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Hurry Up and Slow Down
[December, 1999]

In the commercial, a GenX hipster stares intently through his rectangular, geek-chic eyewear. Except for the pigeons surrounding him, he sits alone in what might be the Piazza San Marco in Venice, a serene square in one of the most beautiful cities on earth. Suddenly he begins shouting his lungs out, scattering the birds, for all appearances possessed and ready for the stake until we see he's actually trading stocks through an interface reflected in his glasses.

Gee whiz. It's clear we're supposed to envy this guy his cutting edge cool, but every time I see the ad, I think "what a prick." Instead of one company's utopian vision, he's become for me a perfect image of America as it slides into a new century over the next few days, onanistically multi-tasking, disconnected from the world around it by technology and infatuated with its own cleverness. What's the future of wine in such a self-absorbed, breakneck world?

Whatever actually happens to civilization January 1st, it's the catastrophic potential of the Y2K computer glitch which unsettled the nation. Technology may have put us in the driver's seat, but for a while we got a glimpse of how the seat might actually be doing the driving. In between us and our food, environment, and meaningful interaction with other human beings, civilization has inserted microwave burritos, cars with TVs and internet chat rooms. Y2K is not just a revelation of our dependence on the microprocessor: it's a reminder of how insulated we've become from actual direct experience of the world, even as we hurtle ever more breathtakingly through it.

By contrast, the idea of wine -- at least as most people think of it today -- is about precisely the opposite, about deceleration and reflection. This is partially due to where wine comes from in the first place. In the vineyard, plants take 365 days to produce a crop, and farmers bend themselves to that cycle, methodically tending the grapes cluster by cluster to a harvest whose bottom line is never guaranteed due to the vagaries of the weather. After a few frenzied weeks processing the fruit, winemakers in turn must simply wait for the fermented juice to transform itself into wine over the following year or two.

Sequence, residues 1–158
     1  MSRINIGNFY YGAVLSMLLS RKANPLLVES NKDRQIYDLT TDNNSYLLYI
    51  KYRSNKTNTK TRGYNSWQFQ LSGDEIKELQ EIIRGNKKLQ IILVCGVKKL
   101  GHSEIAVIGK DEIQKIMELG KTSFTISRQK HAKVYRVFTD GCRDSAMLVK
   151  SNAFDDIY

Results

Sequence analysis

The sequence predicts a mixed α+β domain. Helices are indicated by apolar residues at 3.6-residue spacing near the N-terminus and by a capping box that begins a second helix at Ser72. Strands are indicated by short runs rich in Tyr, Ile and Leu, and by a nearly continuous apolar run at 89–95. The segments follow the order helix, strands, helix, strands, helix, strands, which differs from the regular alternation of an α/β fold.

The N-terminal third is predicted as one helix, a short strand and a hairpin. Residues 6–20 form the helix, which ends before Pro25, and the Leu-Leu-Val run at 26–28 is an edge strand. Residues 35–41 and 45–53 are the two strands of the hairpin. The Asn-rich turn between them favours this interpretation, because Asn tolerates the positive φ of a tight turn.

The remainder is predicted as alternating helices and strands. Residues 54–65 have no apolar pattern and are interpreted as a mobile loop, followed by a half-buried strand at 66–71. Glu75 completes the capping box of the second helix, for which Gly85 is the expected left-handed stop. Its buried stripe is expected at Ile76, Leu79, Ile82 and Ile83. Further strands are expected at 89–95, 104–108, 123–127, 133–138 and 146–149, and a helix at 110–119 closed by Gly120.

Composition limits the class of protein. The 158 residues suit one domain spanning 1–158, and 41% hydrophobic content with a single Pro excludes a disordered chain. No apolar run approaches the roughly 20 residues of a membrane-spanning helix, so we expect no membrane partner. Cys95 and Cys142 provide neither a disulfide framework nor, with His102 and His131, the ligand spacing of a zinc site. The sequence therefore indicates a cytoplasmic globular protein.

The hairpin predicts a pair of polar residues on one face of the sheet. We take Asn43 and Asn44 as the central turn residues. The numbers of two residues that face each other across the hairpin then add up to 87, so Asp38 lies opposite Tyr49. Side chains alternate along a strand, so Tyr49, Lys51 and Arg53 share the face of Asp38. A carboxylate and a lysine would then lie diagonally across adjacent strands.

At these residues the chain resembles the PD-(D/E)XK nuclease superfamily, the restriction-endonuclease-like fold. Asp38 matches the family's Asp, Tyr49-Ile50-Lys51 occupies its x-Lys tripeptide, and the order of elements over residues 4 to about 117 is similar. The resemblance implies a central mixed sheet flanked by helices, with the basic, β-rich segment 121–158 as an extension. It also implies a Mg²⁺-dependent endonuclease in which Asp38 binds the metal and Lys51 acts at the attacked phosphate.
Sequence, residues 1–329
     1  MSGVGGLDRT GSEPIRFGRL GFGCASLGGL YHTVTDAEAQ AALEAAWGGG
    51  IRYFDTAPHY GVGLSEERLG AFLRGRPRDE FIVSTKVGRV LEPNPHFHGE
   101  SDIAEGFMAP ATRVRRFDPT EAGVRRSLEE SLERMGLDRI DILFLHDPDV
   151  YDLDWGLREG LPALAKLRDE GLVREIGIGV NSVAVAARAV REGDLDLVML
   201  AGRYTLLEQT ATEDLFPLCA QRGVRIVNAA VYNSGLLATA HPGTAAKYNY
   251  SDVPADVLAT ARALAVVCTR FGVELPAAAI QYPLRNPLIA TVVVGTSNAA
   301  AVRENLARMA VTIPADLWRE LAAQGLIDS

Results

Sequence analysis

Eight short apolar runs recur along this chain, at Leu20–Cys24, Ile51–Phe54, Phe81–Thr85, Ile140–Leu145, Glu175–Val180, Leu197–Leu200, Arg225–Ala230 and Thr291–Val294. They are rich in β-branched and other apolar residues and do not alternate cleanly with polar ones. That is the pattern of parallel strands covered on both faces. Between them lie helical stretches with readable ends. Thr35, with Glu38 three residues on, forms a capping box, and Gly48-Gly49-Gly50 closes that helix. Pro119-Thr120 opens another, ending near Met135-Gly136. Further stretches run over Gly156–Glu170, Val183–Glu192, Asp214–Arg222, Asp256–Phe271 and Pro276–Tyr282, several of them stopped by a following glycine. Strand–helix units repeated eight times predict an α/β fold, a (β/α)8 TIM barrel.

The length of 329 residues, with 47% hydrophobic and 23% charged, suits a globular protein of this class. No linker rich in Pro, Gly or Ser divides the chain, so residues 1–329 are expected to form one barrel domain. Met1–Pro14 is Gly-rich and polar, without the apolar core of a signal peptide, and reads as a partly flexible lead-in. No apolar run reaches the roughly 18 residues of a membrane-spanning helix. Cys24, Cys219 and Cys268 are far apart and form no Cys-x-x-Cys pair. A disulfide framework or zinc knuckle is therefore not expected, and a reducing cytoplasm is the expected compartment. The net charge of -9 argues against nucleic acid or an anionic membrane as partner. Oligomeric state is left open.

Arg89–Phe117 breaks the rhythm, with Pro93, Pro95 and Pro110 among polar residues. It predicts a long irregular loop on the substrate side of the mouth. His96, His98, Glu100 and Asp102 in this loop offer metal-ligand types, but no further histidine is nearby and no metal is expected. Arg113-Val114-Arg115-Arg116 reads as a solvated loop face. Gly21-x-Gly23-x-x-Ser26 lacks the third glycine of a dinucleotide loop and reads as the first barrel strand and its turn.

In short, winemaking is a deliberate process whose engines -- time and nature -- might be glancingly manipulated but never controlled. From our urban perspective, it would be like sitting patiently at a light until it changes a year later, allowing us to edge our cars forward another block.

Nevertheless, drinking wine can inspire us to assume this pace, to step off the hamster wheel and take time to reflect, enjoy a meal or catch up with friends, however briefly. It may be that absorbing the complex experience encoded in a glass of good wine necessarily requires decelerating to a slower rhythm. But it's also because, with uncanny precision, wine can conjure up the personality of the land from which it came, the tone of the weather under which its fruit grew, as well as an amazing array of flavors, fragrances and textures.

Even allowing yourself to become vaguely transported by wine can connect you with experience outside yourself. Taken to its logical extreme, wine is a message from the world for us to slow down and savor our time on this tiny planet.

But in an accelerating culture where technology slices the moment into ever smaller wafers, and the luxury of time is earned only by moving fast, how realistic is this essentially European ideal? Assuming you're not wealthy enough to kick back and still have it all, what would you sacrifice to work part time and take long lunches, spend more time with your family, eat locally farmed but necessarily expensive foods? For poorer Americans, achieving this kind of lifestyle is more than a matter of skipping a few lattes: it requires elemental sacrifices which are much more difficult to reconcile, like a colder apartment in the winter and cheaper clothes on your kids.

Forget about wine's image problem as the playground of the snobbish and the rich, this is the real issue: how can a beverage inspiring slowness succeed in a culture which worships speed? The extent to which wine gains more of a foothold in our society depends on how successfully it can convince Americans to put the Sega away and chill out. But however calmer it might make our lives, is this possible in a culture which envies the guy in the ad?

Of course, there is a second path which might more successfully spread the word of wine: speed it up, at least enough to catch a few people to convince them to slow down. It means re-casting wine not as an alternative to the 21st century, but a component of everyday life within it. Whether this is even possible without simply beering wine into a social lubricant -- as a few larger wineries are starting to do to breach the GenX demographic -- is another question, but in many ways, it's the only realistic course the industry can take if it wants to grow.

In such a future, it means the hipster opens a bottle of wine and uses his eyewear to discover more about where he actually is. That's technology I can respect. That's the kind of slow-tech I can respect. That's the kind of slow-tech worth considering.


©1999 Matt Giraud. This column originally appeared in December, 1999 as The Crush, a bi-weekly wine column published in Willamette Week, Portland, Oregon.

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